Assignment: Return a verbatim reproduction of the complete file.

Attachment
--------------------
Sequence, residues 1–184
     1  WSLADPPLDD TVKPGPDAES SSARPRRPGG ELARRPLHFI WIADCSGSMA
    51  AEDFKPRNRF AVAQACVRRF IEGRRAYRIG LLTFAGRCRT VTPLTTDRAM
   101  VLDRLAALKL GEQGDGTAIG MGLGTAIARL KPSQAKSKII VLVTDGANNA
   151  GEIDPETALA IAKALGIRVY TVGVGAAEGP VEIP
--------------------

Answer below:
Sequence, residues 1–184
     1  WSLADPPLDD TVKPGPDAES SSARPRRPGG ELARRPLHFI WIADCSGSMA
    51  AEDFKPRNRF AVAQACVRRF IEGRRAYRIG LLTFAGRCRT VTPLTTDRAM
   101  VLDRLAALKL GEQGDGTAIG MGLGTAIARL KPSQAKSKII VLVTDGANNA
   151  GEIDPETALA IAKALGIRVY TVGVGAAEGP VEIP